Terme di Caracalla

Piazzale Numa Pompilio - 00184 Rome
San Saba [R.XXI]
Zona Archeologica [1X]

Though Romans lived in the advanced society with the hydraulic system they do not have water at home.
People who lived in the insulae, (roman apartment house) always suffered from the dust. The smoke of torches and stoves formed a grey cloud hanging between the home walls. So plunging into the swimming pools of thermal baths was more than
a pleasure, it was a necessity.
The entry was free: the state financed them as a social service.

The Baths of Caracalla or Antonian Baths are a cyclopean complex of ruins forming one of the most picturesque visions of ancient Rome.

The construction was begun by emperor Settimio Severo in 206 B.C. but was completed ten years later by his son Caracalla. Surrounded by the outside walls of Elagabalus and Alessandro Severo, restored by Aurelio, they were the most splendid baths in Rome. They were still working in the VIth century when vitige Goths made them out of use having destructed the water system which was of the extraordinary perfection.

The planimetry repeats the established type until the IInd century of the Empire. A big central building measured 220 X114 meters. It was surrounded by gardens,gyms,libraries and premises aimed for services within the very wide rectangular circle which occupied a space of about 400X330 meters.

It was supposed that the establishment contained individual baths and common basins for the complex of 1600 bathers. Huge cisterns with a capacity of 80.000 litres provided water arriving from a special branch of the Acqua Marcia, the aqueduct built by Antonino Pious in 140 A.C.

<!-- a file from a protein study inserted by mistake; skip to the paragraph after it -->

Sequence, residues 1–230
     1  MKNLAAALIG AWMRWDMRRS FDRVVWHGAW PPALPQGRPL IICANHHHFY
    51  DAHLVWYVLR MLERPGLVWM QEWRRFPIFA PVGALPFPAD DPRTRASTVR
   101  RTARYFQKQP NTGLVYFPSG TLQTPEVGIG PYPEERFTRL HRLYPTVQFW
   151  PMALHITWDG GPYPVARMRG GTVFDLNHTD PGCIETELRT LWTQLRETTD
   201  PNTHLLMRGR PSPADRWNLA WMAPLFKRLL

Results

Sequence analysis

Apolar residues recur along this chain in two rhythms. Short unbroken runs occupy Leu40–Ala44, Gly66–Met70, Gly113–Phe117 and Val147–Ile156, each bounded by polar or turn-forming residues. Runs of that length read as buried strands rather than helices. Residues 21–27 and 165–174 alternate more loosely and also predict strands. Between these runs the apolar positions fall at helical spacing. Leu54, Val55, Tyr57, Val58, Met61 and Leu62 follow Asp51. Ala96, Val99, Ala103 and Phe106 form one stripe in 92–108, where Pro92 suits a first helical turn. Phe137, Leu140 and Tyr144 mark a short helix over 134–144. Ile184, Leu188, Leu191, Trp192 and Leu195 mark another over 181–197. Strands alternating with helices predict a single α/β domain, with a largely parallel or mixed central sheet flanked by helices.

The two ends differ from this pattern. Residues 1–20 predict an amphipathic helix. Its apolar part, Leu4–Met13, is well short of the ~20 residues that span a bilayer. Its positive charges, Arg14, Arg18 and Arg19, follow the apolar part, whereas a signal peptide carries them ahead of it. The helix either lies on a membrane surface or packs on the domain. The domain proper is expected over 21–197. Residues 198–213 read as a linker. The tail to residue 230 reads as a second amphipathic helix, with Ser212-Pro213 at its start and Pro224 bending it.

Taking a bath was a rite with precise rules: one begins it with sweeting in a small overheated room so-called sudatoria then passed under a hot shower with the jets in thecaldarium.
They cleaned the body with the blades of the strigil then reached the vast space filled with hot water tepidarium and from there one had an access to frigidarium, the swimming pool of icy water. Here one could dive, swim and have a relaxing massage.

But normally washing was not the main reason for visiting thermal baths. However Caracalla was particularly an ideal place for meeting and chatting. Under the shower the plots were thought over,in the swimming pool love stories were twisted since it was used both by men and women. The attempt of the sex separations (initially only men and then only women) was abolished because of the protests of women who felt discriminated.

The brick structure and the boldness of architectural forms were admirable and some parts of the structure were devised for the local premises and for the heating systems.

Beyond being all laid by polychrome marble and by metal and animated by water jets these thermal baths had the most gorgeous sculptural decoration that include the most famous marbles of the Farnese collection (today they are in the National museum of Naples), Hercules of Glicone, the sculptural group of Toro Farnese, the Flora. The mosaics of athletics are already placed in the Lateran museum.